So what does all of this mean for my overall prognosis? If this surgery is successful (success is declared if they remove all the cancer in the liver and see no other cancer elsewhere when they go in), then my chances of survival are drastically improved from what they have been. Dr. Hoff told me "most of the time" it is successful. However, statistically there would still be a greater than 50% chance that the cancer would come back. I say this not to be pessimistic, but to let you know the urgency of continued prayer. I am continuing to be hopeful. This is now mixed with much thanksgiving. I thank the Lord for the remarkable shrinkage of the tumor. I am thankful for being at MDACC and for having insurance and finances to get all of this expensive care. And in the short term, I am thankful for getting another week off from chemo!


Nils said...

Maybe being an “interesting” case and perplexing the doctors a bit isn’t always all bad! We praise God for this surprising good news.

Fran said...

ah!! the power of prayer. awesome :-)
love, fran

curtis Frodge said...

hey man that is awesome! praise God! glad to hear you arent having to go through chemo for a good reason this time. i cant wait to see you some time soon, exams are over this week so hopefully ill have a little time at home whenever youre around and we can see eachother or something. well God bless you and Christine i love ya

Terry said...

Greg and Christine
This is wonderful! May the Lord continue to be your cornerman. As always we'll keep the prayes coming.
Love, Terry

Madeleine said...

Praise the Lord, Greg! You've been in my thoughts and prayers quite a lot lately. Thanks for the wonderful update . . . will keep the prayers coming for wisdom and skill for the medical team as well as successful surgery. I hope the Lord has many more years for you amongst us here!! May His Kingdom come and His will be done!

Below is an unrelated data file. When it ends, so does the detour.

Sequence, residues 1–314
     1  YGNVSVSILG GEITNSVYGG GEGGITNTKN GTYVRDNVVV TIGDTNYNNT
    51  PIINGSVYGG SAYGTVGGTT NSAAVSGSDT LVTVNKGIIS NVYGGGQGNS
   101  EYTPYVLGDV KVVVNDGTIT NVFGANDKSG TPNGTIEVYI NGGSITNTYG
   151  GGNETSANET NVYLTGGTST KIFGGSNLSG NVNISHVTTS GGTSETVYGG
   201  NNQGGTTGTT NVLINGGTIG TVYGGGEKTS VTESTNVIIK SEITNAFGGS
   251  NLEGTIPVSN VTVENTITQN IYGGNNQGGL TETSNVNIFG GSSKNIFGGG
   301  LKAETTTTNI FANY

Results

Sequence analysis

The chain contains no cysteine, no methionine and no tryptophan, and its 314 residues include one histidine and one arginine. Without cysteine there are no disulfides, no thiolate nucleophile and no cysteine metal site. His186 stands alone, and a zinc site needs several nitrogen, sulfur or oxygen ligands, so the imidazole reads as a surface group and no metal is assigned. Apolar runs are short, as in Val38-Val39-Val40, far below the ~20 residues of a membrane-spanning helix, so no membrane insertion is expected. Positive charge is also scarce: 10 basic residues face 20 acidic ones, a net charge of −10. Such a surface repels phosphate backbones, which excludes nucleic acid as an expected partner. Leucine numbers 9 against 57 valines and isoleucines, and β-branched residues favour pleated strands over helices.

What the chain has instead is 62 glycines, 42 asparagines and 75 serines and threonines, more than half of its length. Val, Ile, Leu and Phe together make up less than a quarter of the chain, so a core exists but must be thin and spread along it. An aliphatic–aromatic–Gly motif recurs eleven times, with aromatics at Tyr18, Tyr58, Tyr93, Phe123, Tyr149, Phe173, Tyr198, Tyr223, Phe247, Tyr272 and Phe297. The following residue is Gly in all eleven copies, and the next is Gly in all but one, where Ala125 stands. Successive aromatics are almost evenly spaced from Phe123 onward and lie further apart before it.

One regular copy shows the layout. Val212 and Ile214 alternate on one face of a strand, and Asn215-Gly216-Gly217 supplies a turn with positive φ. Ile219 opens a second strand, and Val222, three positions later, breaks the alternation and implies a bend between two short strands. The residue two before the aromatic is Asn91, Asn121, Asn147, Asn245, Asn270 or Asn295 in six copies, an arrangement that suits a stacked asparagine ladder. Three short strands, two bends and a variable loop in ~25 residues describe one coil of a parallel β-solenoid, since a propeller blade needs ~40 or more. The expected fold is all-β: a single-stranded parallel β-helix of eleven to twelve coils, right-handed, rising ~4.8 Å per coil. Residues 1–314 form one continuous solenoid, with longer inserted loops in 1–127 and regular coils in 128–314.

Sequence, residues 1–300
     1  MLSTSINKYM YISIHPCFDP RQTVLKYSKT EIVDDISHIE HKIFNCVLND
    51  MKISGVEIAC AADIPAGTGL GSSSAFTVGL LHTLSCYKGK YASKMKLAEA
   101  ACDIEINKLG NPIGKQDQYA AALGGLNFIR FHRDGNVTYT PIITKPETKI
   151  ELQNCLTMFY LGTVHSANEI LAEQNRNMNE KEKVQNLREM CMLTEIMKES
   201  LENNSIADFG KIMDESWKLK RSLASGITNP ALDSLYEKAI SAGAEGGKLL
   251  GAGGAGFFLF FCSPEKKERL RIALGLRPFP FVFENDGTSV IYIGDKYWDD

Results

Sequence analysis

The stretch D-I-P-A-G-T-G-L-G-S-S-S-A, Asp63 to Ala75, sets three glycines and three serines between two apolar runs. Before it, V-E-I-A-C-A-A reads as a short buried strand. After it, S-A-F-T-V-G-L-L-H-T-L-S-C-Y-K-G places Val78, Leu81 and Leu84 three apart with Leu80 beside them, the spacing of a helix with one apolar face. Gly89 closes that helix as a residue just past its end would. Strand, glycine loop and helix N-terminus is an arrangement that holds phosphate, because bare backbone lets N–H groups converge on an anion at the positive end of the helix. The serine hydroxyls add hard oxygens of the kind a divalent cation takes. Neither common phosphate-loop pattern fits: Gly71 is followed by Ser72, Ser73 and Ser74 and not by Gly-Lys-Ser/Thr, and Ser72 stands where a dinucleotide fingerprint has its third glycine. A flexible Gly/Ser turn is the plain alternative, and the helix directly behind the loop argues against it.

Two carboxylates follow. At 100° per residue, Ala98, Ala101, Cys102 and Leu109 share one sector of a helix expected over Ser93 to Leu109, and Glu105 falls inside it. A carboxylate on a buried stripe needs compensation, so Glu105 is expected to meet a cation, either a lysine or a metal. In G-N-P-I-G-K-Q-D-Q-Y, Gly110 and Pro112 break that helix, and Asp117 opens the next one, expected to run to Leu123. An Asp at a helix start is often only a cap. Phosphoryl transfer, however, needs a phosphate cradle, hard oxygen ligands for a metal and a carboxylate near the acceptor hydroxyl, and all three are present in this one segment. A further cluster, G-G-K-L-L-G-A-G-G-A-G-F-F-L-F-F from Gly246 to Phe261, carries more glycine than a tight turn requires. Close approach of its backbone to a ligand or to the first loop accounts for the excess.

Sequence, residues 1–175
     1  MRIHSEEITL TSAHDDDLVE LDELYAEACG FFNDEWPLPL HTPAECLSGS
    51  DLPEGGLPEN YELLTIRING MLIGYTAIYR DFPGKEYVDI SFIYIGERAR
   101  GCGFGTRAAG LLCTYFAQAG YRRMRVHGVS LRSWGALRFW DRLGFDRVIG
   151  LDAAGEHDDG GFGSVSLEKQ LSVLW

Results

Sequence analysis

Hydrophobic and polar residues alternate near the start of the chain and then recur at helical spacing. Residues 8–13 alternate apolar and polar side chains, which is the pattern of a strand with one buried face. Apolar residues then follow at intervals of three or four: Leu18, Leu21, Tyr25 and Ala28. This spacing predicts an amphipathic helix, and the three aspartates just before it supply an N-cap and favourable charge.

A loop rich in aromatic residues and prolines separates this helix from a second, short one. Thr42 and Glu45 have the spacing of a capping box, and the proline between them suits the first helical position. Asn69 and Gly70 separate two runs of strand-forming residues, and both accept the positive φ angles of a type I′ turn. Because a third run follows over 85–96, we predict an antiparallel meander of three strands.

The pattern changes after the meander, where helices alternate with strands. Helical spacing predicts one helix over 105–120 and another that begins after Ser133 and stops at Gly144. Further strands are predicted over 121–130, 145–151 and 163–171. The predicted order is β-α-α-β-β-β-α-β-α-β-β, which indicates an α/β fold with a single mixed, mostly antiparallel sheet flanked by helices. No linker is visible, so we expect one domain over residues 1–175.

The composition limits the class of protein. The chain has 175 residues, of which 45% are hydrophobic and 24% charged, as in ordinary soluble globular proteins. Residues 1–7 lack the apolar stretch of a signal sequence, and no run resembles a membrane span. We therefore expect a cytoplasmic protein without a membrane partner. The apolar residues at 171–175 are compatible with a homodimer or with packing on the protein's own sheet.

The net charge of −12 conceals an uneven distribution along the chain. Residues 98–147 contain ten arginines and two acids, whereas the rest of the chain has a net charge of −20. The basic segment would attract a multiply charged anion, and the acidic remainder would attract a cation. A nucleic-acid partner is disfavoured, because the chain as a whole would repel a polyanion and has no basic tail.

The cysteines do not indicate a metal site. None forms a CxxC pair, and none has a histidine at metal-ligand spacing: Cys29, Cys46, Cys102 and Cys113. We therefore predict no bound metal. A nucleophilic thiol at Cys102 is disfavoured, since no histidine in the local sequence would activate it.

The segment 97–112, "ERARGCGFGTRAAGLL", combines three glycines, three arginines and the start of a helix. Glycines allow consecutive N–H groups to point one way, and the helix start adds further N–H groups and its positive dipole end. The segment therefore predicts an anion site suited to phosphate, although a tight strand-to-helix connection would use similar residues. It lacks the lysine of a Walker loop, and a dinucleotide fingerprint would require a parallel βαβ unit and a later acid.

sarah said...

This is fantastic news! We really look forward to seeing you and we will pray for the right decision for the surgery.

David said...

Praise the Lord that nothing for Him is unchartered territory. It's nice to be able to do something for you so far away. I'm flying home for Christmas on Dec 17, so I'll be able to do something close by - if you need anything let me know. You're in good hands - God's hands. We continue to pray for you here in Russia.

Carl said...

We know the the real reason the Colon tumour was 80% non-viable, and the Liver tumour has shrunk. Thank You Lord!

Mike Ernst said...

Praise God from whom all blessings flow!

Jim and Coco said...

I can't help but think of the passage in Job 37:14 "Listen to this, O Job (Greg); Stand still and consider the wondrous works of God."
He is working His miracle in you each and every day.
God bless...........

Cynthia Andrews said...

Congrats!!!! Sounds like an answer to much prayer. As far as the options, I would most definately vote for 2b,. The reason is because you and the doc's can see if the platelets increase and the bilirubin and other liver enzymes decrease as the liver regenerates. A minor procedure done to determine the expected outcome of a very big procedure (2a). Good luck and God bless you both.

Josh Geiger said...

Praise God! We will continue praying, Greg, for you and your wife.

Hale Scott said...

Good people strengthen themselves ceaselessly.